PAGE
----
It’s dark o’clock and once again I am racing to work. After the past five years it has occurred to me that my very existence on planet earth is inextricably linked in every way to the I-10 highway. If I am not driving on it, stuck in one of its interminable traffic jams, preparing to slip on or off it, then somewhere in my not too distant future there is a guaranteed rekindling of my love hate relationship with this damned road.
This morning, like every bloody morning, there is yet another mystery object in the middle of the lane. It has becomes a quotidian distraction; a daily I-Spy of, “What the hell was that?” What could that square, metal, wooden, plastic (only the adjectives have been changed to protect the identity of the unknown object!) thing be in the middle of the road? Who lost it, do they know, and how did it happen?
I scream under bridges at the socially acceptable speed of 80mph, past where the cops normally wait in greedy anticipation. Men in perfectly pressed uniforms with departmental attitudes waiting to gouge cash from unwary drivers to benefit whichever municipality they protect and serve. Onwards and upwards, past where the speed cameras used to be, I stare into the floodlit path before me. My headlights burn out into the darkness lighting my way, guiding my manic passage from the West side of Phoenix towards down-town Chandler. Fifty two miles one way, now that’s a commute to be proud of! They still talk about and Hannibal and his trudge over the Alps but one day I, Colin James, consumer of the kilometers, will be remembered.
Just ahead of my headlights I see something in the road, adjust to avoid and glide around what appears to be a white cool box. There it lays, filled with lovingly made egg mayonnaise sandwiches, complete with a slice of grandmas apple pie. A perfect lunch transformed into a danger to oncoming traffic. Shipping forecasts sputter through static on short wave radios warning fisherman floating off the Dogger Bank to avoid the detritus lying forgotten in the middle of the I-10. Like the space shuttle firing retro-rockets to avoid space junk, I tilt my wheel and speed safely passed.
Unable to avoid the cooler Captain Ahab pulled over onto the hard shoulder
One sees all manner of discarded ephemera; if it isn’t coolers filled with Mexican delicacies then its pieces of furniture, stained mattresses, and dead dogs. The most ominous object to date was a full sized grill propped up on one wheel in the middle of the H.O.V. lane, which god only knows how I avoided! Every day I see trucks piloted by our southern cousins, filled with the flotsam and jetsam of daily life. Serious sun baked faces transporting families from one mail drop to the next.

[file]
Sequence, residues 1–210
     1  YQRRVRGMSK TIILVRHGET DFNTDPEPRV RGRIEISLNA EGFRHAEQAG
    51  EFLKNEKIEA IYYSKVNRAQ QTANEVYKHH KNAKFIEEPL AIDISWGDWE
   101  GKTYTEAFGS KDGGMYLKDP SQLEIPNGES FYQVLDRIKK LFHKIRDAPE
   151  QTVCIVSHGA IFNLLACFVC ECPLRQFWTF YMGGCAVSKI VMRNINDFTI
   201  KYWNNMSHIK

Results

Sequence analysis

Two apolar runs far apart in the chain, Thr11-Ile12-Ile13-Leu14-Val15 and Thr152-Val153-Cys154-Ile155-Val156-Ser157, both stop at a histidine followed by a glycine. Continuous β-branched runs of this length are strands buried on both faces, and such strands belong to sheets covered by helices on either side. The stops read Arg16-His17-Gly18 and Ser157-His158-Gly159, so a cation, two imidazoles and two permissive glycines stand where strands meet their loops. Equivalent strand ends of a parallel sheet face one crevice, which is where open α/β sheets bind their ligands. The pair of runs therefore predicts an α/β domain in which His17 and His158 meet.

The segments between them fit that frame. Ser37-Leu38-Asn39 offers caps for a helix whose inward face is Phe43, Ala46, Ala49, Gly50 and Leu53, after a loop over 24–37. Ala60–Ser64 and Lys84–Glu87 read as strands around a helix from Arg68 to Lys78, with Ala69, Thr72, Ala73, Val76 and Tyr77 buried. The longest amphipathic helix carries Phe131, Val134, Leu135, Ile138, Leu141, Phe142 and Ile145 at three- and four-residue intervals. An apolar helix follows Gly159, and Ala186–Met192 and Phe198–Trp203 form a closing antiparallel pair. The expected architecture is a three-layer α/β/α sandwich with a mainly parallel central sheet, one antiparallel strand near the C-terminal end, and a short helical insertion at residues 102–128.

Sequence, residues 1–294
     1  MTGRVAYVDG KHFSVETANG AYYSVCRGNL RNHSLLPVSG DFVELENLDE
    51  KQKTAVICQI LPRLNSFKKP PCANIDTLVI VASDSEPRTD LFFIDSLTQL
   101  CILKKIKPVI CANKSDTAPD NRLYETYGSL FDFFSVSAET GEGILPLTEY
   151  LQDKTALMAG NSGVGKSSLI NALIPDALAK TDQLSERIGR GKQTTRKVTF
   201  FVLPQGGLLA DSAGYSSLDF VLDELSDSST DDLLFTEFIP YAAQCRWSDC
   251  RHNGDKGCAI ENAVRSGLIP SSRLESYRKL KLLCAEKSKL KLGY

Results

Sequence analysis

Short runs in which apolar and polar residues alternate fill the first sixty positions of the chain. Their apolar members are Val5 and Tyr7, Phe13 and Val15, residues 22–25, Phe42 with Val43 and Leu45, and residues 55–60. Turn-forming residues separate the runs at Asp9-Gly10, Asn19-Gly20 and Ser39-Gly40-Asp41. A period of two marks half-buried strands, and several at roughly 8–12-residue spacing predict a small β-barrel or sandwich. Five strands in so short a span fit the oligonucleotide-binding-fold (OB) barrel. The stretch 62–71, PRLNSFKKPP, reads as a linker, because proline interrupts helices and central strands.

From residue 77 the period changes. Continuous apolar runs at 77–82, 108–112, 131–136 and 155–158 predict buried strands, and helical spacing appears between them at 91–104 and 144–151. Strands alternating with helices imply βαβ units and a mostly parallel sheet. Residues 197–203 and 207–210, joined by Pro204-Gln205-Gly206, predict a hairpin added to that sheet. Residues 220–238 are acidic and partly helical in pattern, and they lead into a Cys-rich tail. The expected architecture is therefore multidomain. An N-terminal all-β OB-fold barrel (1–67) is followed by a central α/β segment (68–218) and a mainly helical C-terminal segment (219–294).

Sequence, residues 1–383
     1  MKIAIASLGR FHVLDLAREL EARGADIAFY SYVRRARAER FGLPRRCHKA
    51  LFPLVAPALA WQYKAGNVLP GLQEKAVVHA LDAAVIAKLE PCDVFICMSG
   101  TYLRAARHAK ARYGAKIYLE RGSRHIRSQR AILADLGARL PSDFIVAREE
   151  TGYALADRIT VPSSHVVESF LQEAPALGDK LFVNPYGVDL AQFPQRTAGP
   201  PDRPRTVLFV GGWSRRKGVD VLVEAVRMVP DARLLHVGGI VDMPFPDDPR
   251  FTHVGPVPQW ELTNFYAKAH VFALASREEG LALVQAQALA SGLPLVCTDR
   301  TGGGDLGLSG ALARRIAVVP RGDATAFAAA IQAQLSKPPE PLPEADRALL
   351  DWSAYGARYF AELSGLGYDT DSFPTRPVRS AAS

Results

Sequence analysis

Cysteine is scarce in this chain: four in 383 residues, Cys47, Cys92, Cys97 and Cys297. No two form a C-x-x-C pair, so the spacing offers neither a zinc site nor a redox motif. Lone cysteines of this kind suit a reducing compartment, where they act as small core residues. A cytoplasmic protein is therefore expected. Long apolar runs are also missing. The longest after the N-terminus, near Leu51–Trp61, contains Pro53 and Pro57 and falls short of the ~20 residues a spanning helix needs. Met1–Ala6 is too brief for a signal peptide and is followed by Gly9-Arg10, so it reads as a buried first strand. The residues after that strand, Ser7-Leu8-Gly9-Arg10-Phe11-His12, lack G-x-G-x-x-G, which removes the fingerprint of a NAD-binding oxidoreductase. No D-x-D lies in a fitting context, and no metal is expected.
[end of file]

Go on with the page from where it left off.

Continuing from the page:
How they manage to get everything on board the flat bed of a beaten and busted 1980s Ford truck I will never know. One has to understand the eye-bending complexities of an Escher painting, or comprehend a Rubik’s cube combination to appreciate the stacked perfection of their precious cargoes. Everything is slotted perfectly together; the fridge, the bed, the mismatched lamps and the world’s largest collection of plastic toys.
The Hernadez family had remembered to pack everything except the family dog.
People murmur Edison’s name with reverence however the inventor of the elasticated bungee cord deserves far greater recognition. Those multi colored elastic ropes that tether life and soul to speeding vehicles; more tenacous than Hispanic familial bond.
Although I am always amazed by the collection and variety of objects that carpet the freeway, one question irks me.
WHO PICKS THIS STUFF UP?
On my nightly return journey, my own personal retreat from Moscow, the items are never there. Who collects discarded mattresses, builders hard hats, plastic crap and discarded grills?Is there a lone motorist with an unladen truck trolling the road like an anxious beach comber in search of an empty bottle? Dare I suggest alien abduction?
Clearly the reports of scantily clad aliens from the pathetic wankers club was a cry for help…
I stare out the window as the white of the plastic cooler races by, quickly looking into my rear view mirror to catch the look of horror of the driver in the vehicle behind me. A grown up version of death race 2000 and so far I still have three lives left and a telephone call. The race continues….